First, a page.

Treasure: new name, new talks
The Sweeney family is preparing to press forward with Treasure, the disputed development that the family wants to build on a prominent hillside overlooking Old Town.
The Sweeneys recently filed revamped plans with City Hall in anticipation of another round of talks between the family and the city’s Planning Commission. The project, which had previously been known as Treasure Hill, sparked widespread concern among people who live close by, and it is expected the upcoming discussions will resemble those that stalled in 2006.
The Treasure blueprints contemplate about 200 hotel rooms and 100 condominiums spread between 12 buildings on the slopes of Park City Mountain Resort on the western edge of Old Town, close to the Town Lift. Some commercial square footage and work force housing are in the plans as well, as is a package of skiing upgrades close to the project’s site.
Computer-generated images of Treasure show buildings close to residential streets, with Empire Avenue and Lowell Avenue the closest.
"I’m real happy. It’s been a long time. I think we’ve worked really hard, come up with a great solution," said Pat Sweeney, who represents his family and has led the Treasure efforts before the Planning Commission.
Treasure is a key part of an overall approval the Sweeneys won from City Hall in the 1980s, when officials agreed to allow the family to develop pieces of its land close to where the Town Lift was later built. The original approval also included what became the Town Lift Plaza, the Caledonian building and three houses. Most of the land regulated by the 1980s approval will remain undeveloped, with Sweeney saying 97 percent of the acreage, including much of the Old Town-facing hillside, will be left open.
The largest of the Treasure buildings would be among the most prominent in Old Town, and the project would be one of the city’s largest lodging properties. It would occupy a sought-after location on the slopes of PCMR close to the shopping, dining and entertainment attractions on Main Street.
The Planning Commission recently received a package of information about Treasure, including previous City Hall staff reports, meeting minutes and details about the 1980s approval. Katie Cattan, the City Hall planner assigned to Treasure Hill, expects to address the Planning Commission in January, starting what the Sweeneys hope is a final round of meetings prior to the panel casting a vote.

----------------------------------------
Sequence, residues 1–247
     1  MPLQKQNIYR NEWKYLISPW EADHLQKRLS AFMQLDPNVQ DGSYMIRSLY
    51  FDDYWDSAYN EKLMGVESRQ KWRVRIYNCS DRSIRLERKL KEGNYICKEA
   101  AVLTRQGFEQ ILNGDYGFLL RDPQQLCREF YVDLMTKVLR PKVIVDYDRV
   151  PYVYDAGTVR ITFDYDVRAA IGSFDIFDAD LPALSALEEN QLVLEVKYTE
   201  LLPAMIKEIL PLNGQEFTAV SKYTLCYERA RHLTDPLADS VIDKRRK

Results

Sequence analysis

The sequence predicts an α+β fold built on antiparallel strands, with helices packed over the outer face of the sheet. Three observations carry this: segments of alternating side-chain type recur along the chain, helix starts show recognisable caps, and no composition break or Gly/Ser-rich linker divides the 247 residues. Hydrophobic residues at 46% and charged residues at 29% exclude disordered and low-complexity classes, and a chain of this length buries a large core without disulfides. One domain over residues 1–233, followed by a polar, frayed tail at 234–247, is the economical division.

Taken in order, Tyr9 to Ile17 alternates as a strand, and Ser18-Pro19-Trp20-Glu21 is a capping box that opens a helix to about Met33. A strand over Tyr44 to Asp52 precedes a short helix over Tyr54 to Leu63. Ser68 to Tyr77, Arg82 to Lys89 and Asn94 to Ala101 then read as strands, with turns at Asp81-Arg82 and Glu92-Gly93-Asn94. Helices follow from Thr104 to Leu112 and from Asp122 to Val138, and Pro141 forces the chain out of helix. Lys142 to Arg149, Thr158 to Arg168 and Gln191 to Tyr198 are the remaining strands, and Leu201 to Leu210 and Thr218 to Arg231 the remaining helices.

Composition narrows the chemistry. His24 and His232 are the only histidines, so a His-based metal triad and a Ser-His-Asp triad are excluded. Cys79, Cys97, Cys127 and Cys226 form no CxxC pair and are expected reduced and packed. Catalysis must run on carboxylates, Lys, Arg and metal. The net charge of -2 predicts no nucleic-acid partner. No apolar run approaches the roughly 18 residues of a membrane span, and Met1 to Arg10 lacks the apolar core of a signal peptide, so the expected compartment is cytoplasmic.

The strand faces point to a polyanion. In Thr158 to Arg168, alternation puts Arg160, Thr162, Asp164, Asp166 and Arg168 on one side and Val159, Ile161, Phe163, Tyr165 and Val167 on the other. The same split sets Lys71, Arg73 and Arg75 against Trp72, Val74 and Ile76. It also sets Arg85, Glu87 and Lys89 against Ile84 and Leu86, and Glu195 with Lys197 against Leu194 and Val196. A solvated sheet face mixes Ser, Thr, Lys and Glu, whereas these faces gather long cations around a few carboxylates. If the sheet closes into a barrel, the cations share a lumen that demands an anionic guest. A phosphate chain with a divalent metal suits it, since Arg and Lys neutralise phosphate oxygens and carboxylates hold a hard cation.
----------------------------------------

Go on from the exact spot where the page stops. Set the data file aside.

The upcoming discussions will likely draw intense interest from people who live on streets like Lowell Avenue and Empire Avenue. Old Town residents from other streets are also expected to closely monitor the Planning Commission.
In earlier meetings, the neighbors were incensed that City Hall was considering the development two decades after the initial approval. They argued the neighborhood had changed dramatically since then. The Treasure development, as approved in the 1980s, they said, was inappropriate nowadays. They were worried that the project would attract too much traffic to the neighborhood, the construction would be unbearable and the hillside is best left as it is, among other complaints.
The Sweeneys, however, countered that the Treasure plans meet the earlier approval and include lots of measures to protect the neighborhood, including concepts meant to discourage people from driving to Treasure and road upgrades in anticipation of traffic driving to and from the project.
"I’m convinced it’s the best solution, given the approval we were granted 25 years ago," Sweeney said.
He said the family will not appease each of the critics, saying some do not want the land developed. There was brief talk of City Hall negotiating a deal with the Sweeneys to buy the land to preserve as open space, but that idea did not advance.
Sweeney said he hopes the Planning Commission is ready to cast a vote as early as mid-2009. Turnover on the panel, however, might delay a vote as newer Planning Commissioners spend time learning about Treasure, he said.
Sweeney said a groundbreaking for Treasure would not occur until at least two years after a Planning Commission approval. The timeline would allow the Sweeney side to finalize the designs and construction plans.
"I, personally, am in love with the concept," Sweeney said.
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